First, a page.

Ian Poulter in position to mount a Major Challenge
Englishman has regained his confidence following a difficult last 12 months
Ian Poulter: “I play some of my best golf when I’m pretty confident. And I’m excited for this weekend. I can’t wait.” Photograph: Oli Scarff/AFP/Getty
Once upon a time, Ian Poulter was so immersed in chasing a Major title that he did whatever he wanted, it seemed. Like at Royal Troon, in 2004, when he donned a pair of Union Jack trousers that prompted telephone calls of complaints to the R&A.
Poulter wasn’t for listening, though.
“They’re just a normal pair of trousers, it is just that they are pretty colourful,” he responded, citing that all of his own sporting heroes were also colourful personalities.
Ronnie O’Sullivan. Muhammad Ali. Pele. Payne Stewart. They all got a mention at the time. He added: “There are too many boring characters who don’t have much spark apart from their golf game.”
Since that time, Poulter has livened up the Ryder Cup – like his inspirational deeds at Medinah in 2012 – but fallen flat in the Majors. A runner-up finish behind Pádraig Harrington here at Royal Birkdale in 2008 was as good as it got, and in fact getting to play any Major at all in recent years has been something that has been beyond him.
In his last two Open appearances, in 2014 and 2015, he missed the cut. And his last appearance in any Major before teeing up here was actually at the 2016 Masters. Since then, five major championships – the 2015 US Open, British Open and US PGAs and this year’s Masters and US Open – had gone their merry way without Poults.
Yet, the old hunger and desire has manifested itself over the past two days. In wind and in rain, Poulter – who earned his place in the field after coming through final qualifying over his home course at Woburn – has stuck manfully to the task at hand, and a second round 70 for a midway total of three-under-par 137 has left him poised to mount an attack over the weekend.
When he finished his second round, some questions ran ahead of the present. Poulter refused to be sucked in.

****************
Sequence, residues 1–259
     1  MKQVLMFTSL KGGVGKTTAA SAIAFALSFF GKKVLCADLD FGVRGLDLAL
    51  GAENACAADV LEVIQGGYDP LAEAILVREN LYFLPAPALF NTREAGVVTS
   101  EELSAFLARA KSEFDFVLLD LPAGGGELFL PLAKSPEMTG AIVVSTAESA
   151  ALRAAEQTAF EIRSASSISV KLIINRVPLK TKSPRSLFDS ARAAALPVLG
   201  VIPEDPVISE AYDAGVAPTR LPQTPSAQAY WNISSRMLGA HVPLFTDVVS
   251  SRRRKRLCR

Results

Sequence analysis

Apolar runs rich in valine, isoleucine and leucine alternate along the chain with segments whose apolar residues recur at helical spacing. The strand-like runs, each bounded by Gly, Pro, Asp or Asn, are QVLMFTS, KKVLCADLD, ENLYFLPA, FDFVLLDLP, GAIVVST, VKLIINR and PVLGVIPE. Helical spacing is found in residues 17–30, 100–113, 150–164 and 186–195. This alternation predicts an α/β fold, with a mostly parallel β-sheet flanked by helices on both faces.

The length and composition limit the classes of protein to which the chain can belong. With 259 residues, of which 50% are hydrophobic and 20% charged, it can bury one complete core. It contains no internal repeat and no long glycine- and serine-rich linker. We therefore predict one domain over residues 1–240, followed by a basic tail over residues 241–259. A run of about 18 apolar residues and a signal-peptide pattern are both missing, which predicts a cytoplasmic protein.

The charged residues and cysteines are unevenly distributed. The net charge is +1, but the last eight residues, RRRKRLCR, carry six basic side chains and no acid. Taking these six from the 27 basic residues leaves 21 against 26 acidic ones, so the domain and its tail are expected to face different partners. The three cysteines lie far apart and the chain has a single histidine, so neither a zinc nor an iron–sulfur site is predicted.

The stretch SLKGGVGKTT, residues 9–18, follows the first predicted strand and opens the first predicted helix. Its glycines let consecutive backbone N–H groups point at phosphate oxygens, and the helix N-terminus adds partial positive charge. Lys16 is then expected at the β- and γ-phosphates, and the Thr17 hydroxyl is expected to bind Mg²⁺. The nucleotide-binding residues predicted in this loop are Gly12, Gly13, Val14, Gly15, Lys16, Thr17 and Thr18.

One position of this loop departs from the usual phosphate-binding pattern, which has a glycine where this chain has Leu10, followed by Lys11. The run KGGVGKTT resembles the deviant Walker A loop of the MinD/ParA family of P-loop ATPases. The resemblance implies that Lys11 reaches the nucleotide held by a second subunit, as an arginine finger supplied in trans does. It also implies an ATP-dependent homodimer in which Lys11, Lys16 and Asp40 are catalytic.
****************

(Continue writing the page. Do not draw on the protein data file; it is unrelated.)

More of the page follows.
“I think it’s going to be difficult for me to talk about that right now. For me to use up some mental energy thinking about holding that Claret Jug come what Sunday night, there’s a lot of golf to be played between now and then. I’m very focused on what I’m doing right now.
“I’m going to love to grab that thing with two hands, if I can. So I would like to talk to you Sunday evening and tell you how it feels, if that happens, rather than tell you right now exactly what it would feel like. I think you can guess how good it would feel like after the year I’ve had.”
That year, as he referred to, has included fighting tooth and nail to regain his playing privileges on the PGA Tour. Using a medical exemption to get into a limited number of 10 tournaments to earn $345,634 or 218.42 FedEx Cup points, it seemed that the Englishman had come up short in his quest . . . . only for him to get a reprieve after fellow-pro Brian Gay, who was in a similar boat, realised the PGA Tour had wrongly modified the points criteria. His card was safe, and he could focus again on contending and his season turned-around with a runner-up finish in the Players Championship in May.
Now, though, he is where he wants to be: contending in the Major championship closest to his heart.
“I’m definitely enjoying my golf right now because of what’s happened. So I wasn’t in this position in 2008. I came from a bit further back to get myself in position and had a pretty strong Sunday. I’m in a good frame of mind. I feel confident. The large confidence tank that was empty a few months ago is starting to fill up. And I like it when it gets full up. I I play some of my best golf when I’m pretty confident. And I’m excited for this weekend. I can’t wait,” he confessed.
Poulter’s own self-belief has enabled him to overcome many obstacles throughout his career, one which has given him Ferraris, Lamborghinis and more to store in his garage in Florida. You suspect, though, that the small Claret Jug would represent a bigger show of his worth than any of those material goods.